Monday, February 22, 2016

Book Review: Autism and the Extended Family: A Guide for those Outside the Immediate Family who know and love Someone with Autism by Raun Melmed M.D. & Maria Wheeler M.Ed

Autism and the extended family is a book with an unusual feel to it. In fact, it's opening chapters felt so different that I was initially wondering if I would like the book. As it turns out, the language is completely appropriate and it is a good book. It's just that being as close to autism as I am, I'm not in the target audience.

Where most autism books jump right in and talk about the details of autism from the inside, this book remains firmly outside the circle, keeping the outsider’s viewpoint. To be honest, the opening chapters reminded me a lot of “Autism speaks” literature but don't worry, it gets a lot better from there. The book is trying to speak to outsiders and it needs to use concepts that they can understand.

This book talks about high functioning individuals but it feels much more like a book for families with more difficult and more "hands on" forms of autism.

The book starts with a "welcome to my world" chapter,  I can't tell you how many times have I my wife utter that particular phrase to extended family member. Following this is a section on grief, particularly grief following an initial diagnosis. This chapter walks you through how each of the stages may present in different individuals with good advice and cautions on what to say and what not to say.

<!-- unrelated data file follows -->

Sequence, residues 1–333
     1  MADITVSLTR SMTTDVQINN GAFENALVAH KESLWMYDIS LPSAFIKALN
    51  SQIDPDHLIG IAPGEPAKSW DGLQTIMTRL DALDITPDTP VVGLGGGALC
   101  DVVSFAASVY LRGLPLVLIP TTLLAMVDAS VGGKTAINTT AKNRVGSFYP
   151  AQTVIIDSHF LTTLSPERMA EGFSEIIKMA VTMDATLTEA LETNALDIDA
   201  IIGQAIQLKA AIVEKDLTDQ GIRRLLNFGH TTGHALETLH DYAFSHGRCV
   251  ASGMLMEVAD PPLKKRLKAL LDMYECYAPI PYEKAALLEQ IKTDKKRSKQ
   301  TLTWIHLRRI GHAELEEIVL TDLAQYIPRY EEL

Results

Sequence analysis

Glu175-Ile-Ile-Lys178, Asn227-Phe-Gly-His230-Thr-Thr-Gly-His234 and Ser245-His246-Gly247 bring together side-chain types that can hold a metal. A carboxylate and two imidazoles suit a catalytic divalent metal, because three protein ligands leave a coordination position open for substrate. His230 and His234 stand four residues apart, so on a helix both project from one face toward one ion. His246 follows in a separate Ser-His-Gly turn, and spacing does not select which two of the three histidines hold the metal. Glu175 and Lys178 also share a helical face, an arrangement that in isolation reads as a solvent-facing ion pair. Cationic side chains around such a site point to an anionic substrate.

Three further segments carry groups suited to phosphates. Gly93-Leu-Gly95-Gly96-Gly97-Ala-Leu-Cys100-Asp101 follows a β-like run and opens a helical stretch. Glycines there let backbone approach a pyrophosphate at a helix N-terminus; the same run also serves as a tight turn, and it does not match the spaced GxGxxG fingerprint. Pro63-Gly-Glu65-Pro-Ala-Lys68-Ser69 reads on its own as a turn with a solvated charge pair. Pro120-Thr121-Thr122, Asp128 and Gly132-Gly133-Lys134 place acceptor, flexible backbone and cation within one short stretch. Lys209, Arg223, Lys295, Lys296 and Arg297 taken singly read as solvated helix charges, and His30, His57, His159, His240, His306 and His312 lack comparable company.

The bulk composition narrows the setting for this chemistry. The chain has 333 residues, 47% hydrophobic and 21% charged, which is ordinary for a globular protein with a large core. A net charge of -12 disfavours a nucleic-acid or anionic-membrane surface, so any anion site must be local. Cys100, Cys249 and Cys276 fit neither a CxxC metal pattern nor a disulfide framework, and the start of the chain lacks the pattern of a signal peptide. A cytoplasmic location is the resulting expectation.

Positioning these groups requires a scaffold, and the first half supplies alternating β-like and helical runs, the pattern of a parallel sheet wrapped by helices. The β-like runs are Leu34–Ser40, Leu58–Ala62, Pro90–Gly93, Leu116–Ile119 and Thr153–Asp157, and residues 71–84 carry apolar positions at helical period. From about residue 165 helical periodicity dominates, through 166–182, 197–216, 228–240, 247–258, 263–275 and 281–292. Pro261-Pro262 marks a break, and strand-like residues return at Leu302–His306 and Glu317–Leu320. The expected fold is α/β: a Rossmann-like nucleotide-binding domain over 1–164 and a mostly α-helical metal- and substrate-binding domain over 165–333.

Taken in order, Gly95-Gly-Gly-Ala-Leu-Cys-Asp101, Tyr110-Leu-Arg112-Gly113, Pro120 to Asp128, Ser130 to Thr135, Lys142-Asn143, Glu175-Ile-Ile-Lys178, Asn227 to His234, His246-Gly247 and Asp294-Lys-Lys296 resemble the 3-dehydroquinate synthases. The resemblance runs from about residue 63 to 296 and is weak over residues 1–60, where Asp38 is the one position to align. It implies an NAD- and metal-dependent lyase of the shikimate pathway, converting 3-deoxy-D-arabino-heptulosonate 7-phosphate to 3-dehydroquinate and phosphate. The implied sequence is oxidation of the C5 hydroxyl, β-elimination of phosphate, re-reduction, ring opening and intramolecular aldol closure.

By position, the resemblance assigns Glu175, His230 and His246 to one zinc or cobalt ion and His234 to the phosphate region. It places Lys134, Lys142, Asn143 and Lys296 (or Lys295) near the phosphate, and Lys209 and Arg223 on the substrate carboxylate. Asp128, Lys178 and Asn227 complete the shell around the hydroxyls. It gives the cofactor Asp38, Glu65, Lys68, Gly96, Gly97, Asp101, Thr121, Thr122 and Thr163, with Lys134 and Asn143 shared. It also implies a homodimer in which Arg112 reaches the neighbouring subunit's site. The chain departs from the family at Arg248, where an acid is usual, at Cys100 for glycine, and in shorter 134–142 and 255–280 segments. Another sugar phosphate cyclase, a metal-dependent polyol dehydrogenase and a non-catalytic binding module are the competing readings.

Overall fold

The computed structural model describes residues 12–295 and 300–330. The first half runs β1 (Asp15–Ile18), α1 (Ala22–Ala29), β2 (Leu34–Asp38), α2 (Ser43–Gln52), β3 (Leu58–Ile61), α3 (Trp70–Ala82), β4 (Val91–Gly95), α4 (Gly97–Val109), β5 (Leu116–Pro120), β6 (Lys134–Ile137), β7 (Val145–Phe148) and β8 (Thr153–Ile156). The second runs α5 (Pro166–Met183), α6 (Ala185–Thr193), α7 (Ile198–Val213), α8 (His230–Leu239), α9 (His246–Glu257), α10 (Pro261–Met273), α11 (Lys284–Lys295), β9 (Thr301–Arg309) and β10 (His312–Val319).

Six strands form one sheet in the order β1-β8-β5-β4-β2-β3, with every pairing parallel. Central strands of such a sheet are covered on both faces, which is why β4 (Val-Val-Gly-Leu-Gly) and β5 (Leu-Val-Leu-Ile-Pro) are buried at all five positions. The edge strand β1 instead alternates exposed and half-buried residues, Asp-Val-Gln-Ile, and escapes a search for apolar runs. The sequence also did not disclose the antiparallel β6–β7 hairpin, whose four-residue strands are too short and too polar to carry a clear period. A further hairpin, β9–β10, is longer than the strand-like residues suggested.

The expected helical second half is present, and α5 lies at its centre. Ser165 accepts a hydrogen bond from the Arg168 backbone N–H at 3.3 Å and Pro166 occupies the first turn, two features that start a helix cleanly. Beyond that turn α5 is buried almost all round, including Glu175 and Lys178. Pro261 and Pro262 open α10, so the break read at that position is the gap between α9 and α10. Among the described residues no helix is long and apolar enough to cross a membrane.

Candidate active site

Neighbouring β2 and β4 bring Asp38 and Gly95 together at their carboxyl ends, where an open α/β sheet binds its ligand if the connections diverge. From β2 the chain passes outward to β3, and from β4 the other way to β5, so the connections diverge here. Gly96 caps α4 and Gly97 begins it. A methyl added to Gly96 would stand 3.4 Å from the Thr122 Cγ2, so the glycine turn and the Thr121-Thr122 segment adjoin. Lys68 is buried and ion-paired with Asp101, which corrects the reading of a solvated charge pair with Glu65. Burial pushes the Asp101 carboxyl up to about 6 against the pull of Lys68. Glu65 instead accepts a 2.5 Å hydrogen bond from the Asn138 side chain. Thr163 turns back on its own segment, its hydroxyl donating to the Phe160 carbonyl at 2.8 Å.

Other chapters cover Grandparents, making particular note that their frailty can often preclude their direct involvement with very active children with autism but at the same time making it very clear how they can support their families. For example, via financial assistance or by taking a grandchild without autism out to allow the parents to concentrate on the child who needs more attention.

There are chapters which cover siblings from various points of view including; how outsiders can interact with siblings to reduce sibling rivalries or jealousies. Older sibling relationships are also explored, particularly aunts and uncles who may need to help out their adult brothers and sisters when dealing with a child with autism gets too much for them.

Other parts of the book cover step-families and blended families, close friends and cousins. The book closes with a chapter on holidays, covering sensory overload, careful decorating, minimising noise and smells and providing safe areas for individuals with autism.

All things considered, “Autism and the Extended Family” does exactly what it says on the cover, it provides a good guide for people outside the immediate family, to help them to understand what is going on and how they can help. 

At 125 easy-to-read pages, full of great case examples, it's short enough to read cover to cover in a couple of hours.

If someone in your extended family has just been diagnosed with autism, this is the book to get - for yourself, not for them. There are many better books on autism which are more suitable for parents and people with autism but this is probably the best resource for members of the extended family.

Autism and the Extended Family: A Guide for those Outside the Immediate Family who know and love Someone with Autism by Raun Melmed M.D. & Maria Wheeler M.Ed Is available from Future Horizons, Amazon, Barnes and Noble and the Book Depository.

Honestly clause; I was provided with a copy of this book free of charge for review purposes.

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